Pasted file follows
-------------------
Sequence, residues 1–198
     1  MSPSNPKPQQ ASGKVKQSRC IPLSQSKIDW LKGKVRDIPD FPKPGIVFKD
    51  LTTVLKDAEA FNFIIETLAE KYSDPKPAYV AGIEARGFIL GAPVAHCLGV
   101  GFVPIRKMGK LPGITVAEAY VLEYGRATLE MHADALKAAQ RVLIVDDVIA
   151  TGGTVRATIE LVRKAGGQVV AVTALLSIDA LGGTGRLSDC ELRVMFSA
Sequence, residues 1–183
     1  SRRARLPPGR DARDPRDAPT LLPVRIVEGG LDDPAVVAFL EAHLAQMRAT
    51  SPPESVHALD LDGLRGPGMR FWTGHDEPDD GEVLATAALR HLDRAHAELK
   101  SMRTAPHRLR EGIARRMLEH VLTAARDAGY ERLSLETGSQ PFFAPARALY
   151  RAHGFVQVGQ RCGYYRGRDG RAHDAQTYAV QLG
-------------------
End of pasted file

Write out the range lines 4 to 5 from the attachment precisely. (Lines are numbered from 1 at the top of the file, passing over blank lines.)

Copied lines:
   101  GFVPIRKMGK LPGITVAEAY VLEYGRATLE MHADALKAAQ RVLIVDDVIA
   151  TGGTVRATIE LVRKAGGQVV AVTALLSIDA LGGTGRLSDC ELRVMFSA